Ramon Novarro was born Jose Ramon Gil Samaniego in Durango, Mexico, on February 6, 1899, the second son of a wealthy dentist. He evidenced an interest in acting and singing early in his life, and in 1915, with the grudging consent of his parents, moved to Los Angeles with his brother Mariano to pursue a music career. To support himself, he took jobs as a model and singing waiter. In 1917 he broke into films as an extra; he further developed his acting skills with a stint in vaudeville. The first film in which he received billing was Mr. Barnes of New York, directed by Victor Schertzinger and released in June 1922; however, the role that launched his career was the character of Rupert of Hentzau in The Prisoner of Zenda, directed by Rex Ingram and released in July 1922. Ingram, who had first directed Novarro as an extra in the 1921 film The Four Horsemen of the Apocalypse, which starred Rudolph Valentino, became Novarro's mentor, directing him in his next three next films: the romantic drama Trifling Women (1922), the melodrama Where the Pavement Ends (1923), and the historical romance Scaramouche (1923). By the end of 1922, Novarro's studio, Metro (later to become Metro-Goldwyn-Mayer), was touting Novarro as the next Valentino. Novarro reached the pinnacle of his career in the title role in the monumental production of Ben-Hur, directed by Fred Niblo and released on December 30, 1925, although he gave a better performance the following year in Ernst Lubitsch's The Student Prince in Old Heidelberg. With Valentino's death in 1926, Novarro became the leading romantic idol of Hollywood silent films, although his fame never quite matched that of his predecessor. Although Novarro had a high-pitched speaking voice, his career survived the transition to sound, and his later films increasingly took advantage of his musical training and pleasant singing voice. He also worked behind the camera, directing the Spanish and French versions of Call of the Flesh (1930) in which he also starred. Novarro continued playing romantic leads into the early 1930s, starring opposite Greta Garbo in Mata Hari (1931), Myrna Loy in The Barbarian (1933), and Jeanette MacDonald in The Cat and the Fiddle (1934). Age began to take its toll, however, despite his desperate attempt to look youthful in his early talkies. He left Metro-Goldwyn-Mayer in 1935, and later became a parody of his earlier self in such films as The Sheik Steps Out (1937). His last starring role in an English-language film was in A Desperate Adventure (1938). He starred in two foreign-language films, in 1940 and 1944, and between 1949 and 1960 appeared in character parts in five films. In the 1950s and 1960s, he also appeared in character parts in several television series, including Walt Disney Presents (1958), Combat (1964 and 1965), Dr. Kildare (1964), Bonanza (1965), The Wild Wild West (1967), and High Chaparral (1968). He also appeared in theater, including ten performances of A Royal Exchange, at His Majesty's Theatre, London, in 1935, and two preview performances of Infidel Caesar, on Broadway, in 1962.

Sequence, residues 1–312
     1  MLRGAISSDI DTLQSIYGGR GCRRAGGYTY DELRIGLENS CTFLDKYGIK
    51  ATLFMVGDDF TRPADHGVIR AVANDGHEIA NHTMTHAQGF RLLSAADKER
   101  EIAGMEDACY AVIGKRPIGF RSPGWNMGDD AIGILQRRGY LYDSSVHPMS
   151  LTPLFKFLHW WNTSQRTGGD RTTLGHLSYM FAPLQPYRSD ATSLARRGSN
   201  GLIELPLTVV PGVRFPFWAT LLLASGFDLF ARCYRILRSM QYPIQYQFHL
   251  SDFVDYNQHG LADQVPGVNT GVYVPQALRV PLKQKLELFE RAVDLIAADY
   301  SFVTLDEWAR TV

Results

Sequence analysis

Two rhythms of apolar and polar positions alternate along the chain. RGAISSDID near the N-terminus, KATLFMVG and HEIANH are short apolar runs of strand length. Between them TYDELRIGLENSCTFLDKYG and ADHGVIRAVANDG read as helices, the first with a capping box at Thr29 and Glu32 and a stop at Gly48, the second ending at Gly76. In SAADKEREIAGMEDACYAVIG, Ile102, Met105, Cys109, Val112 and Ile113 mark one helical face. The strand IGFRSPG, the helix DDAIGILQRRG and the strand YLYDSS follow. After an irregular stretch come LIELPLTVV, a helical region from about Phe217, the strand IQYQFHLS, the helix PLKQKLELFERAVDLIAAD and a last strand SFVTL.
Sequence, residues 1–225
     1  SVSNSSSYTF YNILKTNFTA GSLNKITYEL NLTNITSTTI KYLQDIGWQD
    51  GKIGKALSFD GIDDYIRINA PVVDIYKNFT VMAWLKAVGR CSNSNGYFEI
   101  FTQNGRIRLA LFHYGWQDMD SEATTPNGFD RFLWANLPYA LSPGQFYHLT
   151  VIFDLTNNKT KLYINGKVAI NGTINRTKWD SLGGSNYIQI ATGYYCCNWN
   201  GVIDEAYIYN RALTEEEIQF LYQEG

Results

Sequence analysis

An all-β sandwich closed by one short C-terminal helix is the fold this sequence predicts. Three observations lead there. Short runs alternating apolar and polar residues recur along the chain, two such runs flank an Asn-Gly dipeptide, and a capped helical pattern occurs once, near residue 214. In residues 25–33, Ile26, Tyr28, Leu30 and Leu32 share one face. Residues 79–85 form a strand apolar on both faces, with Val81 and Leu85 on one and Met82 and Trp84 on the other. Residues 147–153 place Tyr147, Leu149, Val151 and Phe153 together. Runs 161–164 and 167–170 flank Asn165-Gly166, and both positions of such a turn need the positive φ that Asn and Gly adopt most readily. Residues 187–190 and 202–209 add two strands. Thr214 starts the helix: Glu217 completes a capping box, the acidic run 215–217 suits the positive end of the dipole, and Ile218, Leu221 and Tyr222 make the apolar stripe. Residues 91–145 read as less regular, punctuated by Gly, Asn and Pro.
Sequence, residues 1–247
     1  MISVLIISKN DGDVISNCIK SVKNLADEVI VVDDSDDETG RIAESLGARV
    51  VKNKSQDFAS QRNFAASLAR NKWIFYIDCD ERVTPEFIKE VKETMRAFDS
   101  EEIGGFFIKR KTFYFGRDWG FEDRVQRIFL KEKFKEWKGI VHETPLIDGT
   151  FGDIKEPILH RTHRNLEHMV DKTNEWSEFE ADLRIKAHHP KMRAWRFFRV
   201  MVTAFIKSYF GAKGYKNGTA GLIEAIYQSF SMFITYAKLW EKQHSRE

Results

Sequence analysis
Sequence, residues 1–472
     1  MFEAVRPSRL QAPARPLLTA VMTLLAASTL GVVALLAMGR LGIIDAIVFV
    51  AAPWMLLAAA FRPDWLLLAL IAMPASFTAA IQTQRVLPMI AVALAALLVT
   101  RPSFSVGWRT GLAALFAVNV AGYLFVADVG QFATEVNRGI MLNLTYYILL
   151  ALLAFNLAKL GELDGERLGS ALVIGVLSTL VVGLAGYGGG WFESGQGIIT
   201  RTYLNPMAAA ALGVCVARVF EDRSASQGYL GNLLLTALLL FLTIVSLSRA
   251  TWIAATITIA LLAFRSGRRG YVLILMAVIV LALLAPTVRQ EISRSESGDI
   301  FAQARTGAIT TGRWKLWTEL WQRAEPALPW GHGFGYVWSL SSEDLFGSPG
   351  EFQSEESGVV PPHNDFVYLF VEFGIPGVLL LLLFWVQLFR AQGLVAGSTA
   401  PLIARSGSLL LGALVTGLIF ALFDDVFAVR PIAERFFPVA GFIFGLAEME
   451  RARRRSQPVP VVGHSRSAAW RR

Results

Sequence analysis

Novarro was less pretentious than Valentino, and the natural style to his acting distinguished him from other young actors. Contemporary critics praised the ease and charm of his performances. Novarro's homosexuality, although zealously guarded from the film-going public (which was treated to rumors linking Novarro romantically to both Greta Garbo and Myrna Loy), was a fairly open secret in Hollywood. Although his boyish looks did not adversely affect the critical estimation of his talent during his heyday as a star, retrospectively some film historians find him almost too beautiful to be taken seriously, and he has consequently been perceived as a decidedly effeminate performer. Indeed, Novarro's homosexuality and androgynous beauty have profoundly affected the estimation of his talent by some critics, who argue that his sexuality influenced his acting style.